1915 VERSES 1916 SALES FOLDER
Scott Blackman from Pennsylvania just recently sent me a copy of the 1916 Monroe sales folder. I had a copy of the earlier 1915 folder, which is almost identical, but it was interesting to compare the little differences between the two versions. The engine bore size was listed at 3 inch in the 1915 folder, while 3 1/16 inch was listed in the 1916 version. What I discovered for the first time was the 1916 model now had a 4 1/4:1 rear axle gear ratio (1915 was 4:1), increase fuel tank capacity of thirteen gallons for 400 miles range (1915 was twelve gallons for 360 miles), and the shipping weight was now listed as 1440 pounds (1915 was 1325 pounds). Both listed electric starting as a $35.00 extra and mentioned demountable rims and tire carrier was available, but only the 1916 version listed that this was a $20.00 option. Another difference is the "Actual View of the Factory" in Flint, with the later version showing a test track to the east of the plant.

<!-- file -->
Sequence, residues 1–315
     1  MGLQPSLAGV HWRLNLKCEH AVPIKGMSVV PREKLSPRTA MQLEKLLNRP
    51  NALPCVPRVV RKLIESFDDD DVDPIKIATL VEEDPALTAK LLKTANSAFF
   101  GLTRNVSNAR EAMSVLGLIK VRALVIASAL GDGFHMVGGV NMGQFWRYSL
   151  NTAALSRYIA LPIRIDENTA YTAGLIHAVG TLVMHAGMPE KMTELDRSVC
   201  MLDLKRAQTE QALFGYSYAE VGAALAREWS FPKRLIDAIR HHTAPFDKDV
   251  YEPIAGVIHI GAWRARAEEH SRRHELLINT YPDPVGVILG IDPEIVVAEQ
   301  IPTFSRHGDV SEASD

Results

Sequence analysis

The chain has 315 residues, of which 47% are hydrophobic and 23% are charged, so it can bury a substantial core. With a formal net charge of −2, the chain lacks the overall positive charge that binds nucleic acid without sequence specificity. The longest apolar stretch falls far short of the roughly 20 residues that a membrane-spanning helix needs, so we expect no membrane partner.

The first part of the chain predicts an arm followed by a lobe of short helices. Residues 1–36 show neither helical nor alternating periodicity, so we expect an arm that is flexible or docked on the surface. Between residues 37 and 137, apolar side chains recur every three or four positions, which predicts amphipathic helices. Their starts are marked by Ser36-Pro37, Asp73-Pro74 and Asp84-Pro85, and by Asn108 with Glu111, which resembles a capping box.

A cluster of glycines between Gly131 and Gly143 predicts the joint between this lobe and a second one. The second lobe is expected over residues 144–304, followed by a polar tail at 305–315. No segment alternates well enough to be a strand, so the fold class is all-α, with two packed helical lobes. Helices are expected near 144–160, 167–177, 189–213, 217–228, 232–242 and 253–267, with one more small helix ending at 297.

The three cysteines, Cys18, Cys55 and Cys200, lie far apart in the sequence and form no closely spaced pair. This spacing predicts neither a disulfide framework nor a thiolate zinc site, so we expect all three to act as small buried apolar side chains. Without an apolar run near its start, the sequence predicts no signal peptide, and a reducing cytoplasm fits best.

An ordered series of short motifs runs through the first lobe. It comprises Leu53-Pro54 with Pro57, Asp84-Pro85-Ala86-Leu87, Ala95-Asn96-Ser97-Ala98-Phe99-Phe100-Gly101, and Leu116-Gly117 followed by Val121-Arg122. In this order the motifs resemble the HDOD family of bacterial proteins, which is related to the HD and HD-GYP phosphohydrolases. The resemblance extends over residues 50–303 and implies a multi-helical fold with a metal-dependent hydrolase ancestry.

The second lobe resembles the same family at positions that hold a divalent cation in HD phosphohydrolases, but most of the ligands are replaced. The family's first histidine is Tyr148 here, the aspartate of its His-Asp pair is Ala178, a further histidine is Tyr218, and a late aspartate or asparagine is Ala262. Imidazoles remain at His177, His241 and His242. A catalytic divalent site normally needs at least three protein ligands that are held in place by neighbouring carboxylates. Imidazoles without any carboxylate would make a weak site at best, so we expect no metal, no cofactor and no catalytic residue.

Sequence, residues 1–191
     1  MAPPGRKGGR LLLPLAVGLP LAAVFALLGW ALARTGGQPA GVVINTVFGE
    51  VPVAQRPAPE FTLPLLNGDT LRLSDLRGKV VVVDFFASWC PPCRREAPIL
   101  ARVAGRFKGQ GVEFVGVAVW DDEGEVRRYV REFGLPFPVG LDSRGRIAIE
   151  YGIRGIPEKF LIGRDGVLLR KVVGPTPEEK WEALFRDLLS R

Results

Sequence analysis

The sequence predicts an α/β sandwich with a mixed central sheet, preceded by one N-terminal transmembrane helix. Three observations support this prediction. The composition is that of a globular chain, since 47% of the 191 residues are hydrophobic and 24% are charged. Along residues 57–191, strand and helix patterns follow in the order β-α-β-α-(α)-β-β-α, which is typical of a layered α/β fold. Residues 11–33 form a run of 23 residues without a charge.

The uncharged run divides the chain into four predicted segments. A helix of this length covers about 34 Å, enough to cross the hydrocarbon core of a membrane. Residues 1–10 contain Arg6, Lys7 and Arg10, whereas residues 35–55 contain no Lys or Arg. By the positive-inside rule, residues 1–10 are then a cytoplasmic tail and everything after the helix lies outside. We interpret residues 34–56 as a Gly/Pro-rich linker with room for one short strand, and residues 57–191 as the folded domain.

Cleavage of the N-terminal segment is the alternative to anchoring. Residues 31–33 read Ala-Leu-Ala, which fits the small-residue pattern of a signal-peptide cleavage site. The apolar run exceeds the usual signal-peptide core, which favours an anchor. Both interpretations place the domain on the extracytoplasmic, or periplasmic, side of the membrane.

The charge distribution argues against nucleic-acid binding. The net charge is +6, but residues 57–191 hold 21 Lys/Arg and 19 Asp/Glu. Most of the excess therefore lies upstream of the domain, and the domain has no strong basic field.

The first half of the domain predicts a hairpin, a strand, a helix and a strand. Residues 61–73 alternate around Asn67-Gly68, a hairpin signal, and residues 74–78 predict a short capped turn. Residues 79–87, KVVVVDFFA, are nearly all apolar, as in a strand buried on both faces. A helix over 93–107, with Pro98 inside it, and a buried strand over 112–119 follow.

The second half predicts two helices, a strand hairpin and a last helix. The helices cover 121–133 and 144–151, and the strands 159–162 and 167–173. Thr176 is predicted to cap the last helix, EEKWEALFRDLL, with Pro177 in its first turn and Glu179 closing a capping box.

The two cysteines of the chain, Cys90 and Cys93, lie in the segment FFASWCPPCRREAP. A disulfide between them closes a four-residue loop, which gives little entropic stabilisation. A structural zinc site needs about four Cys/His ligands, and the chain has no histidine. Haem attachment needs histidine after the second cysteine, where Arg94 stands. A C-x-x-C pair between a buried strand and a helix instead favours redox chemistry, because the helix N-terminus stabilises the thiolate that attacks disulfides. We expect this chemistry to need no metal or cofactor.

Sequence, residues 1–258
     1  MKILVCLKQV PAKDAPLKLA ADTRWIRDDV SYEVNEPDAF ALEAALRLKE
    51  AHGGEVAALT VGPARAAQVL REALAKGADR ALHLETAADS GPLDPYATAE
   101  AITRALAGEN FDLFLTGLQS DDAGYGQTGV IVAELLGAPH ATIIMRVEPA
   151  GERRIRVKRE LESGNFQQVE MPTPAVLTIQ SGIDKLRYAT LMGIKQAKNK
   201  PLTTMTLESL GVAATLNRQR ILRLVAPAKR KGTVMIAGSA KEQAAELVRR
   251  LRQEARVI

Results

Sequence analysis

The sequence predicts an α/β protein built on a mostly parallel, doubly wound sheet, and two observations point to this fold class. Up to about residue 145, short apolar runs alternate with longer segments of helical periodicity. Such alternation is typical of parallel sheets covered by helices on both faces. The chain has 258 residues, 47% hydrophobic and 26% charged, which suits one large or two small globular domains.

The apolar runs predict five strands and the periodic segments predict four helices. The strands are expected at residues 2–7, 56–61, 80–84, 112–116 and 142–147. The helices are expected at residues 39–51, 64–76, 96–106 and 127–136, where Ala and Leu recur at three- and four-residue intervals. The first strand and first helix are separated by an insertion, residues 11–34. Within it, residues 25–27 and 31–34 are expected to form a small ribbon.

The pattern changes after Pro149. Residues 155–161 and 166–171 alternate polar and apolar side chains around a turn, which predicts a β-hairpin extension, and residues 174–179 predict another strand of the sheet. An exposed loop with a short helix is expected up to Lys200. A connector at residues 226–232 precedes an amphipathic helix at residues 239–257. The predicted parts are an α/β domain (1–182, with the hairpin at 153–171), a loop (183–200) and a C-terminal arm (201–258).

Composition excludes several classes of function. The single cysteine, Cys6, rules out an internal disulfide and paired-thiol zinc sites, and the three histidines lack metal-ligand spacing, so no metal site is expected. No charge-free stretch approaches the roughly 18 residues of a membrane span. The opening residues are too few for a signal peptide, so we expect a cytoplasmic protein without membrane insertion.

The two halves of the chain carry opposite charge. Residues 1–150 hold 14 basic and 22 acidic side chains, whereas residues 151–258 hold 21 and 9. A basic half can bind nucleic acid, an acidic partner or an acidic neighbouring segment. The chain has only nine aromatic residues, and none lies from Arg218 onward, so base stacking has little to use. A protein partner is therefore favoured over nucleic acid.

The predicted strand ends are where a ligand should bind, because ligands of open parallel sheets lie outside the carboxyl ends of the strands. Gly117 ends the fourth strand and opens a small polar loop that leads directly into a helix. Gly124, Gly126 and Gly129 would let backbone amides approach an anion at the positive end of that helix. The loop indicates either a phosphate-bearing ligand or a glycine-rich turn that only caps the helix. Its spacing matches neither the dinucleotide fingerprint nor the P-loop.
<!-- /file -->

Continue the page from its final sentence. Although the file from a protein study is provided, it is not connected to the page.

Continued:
1917-18 MONROE M-3 SEDAN SALES FOLDER
This is an interesting sales folder and needs to be read closely.
It is claimed this sedan is similarly to the larger touring "with
the exception of the M&S Differential." It is inferred that
the heavier four passenger sedan used the same 3.25 inch bore by
4.5 stroke Monroe built engine at 150 CID as compared to the
smaller 120.2 CID Sterling engine used in the M-3 roadster
chassis. The 150 CID Monroe engine was designed by the renown
Alanson P. Brush and featured a drilled for oil pressure to the
rod bearings and fully counter-balance crankshaft that was rated
at 2600 RPM. This engine also used the same style, easy external
adjustable, rocker arms that pivoted attached under the aluminum
valve cover, that Brush designed for the Sterling engine used in
the 1916 Model C Scripps-Booth . All the sedan spec sheets I have
seen list the smaller Sterling engine, but installing this larger
engine later in the model year to improve the sedanís performance
is quite possible? But it could also be wishful thinking on the
part of the advertising writer.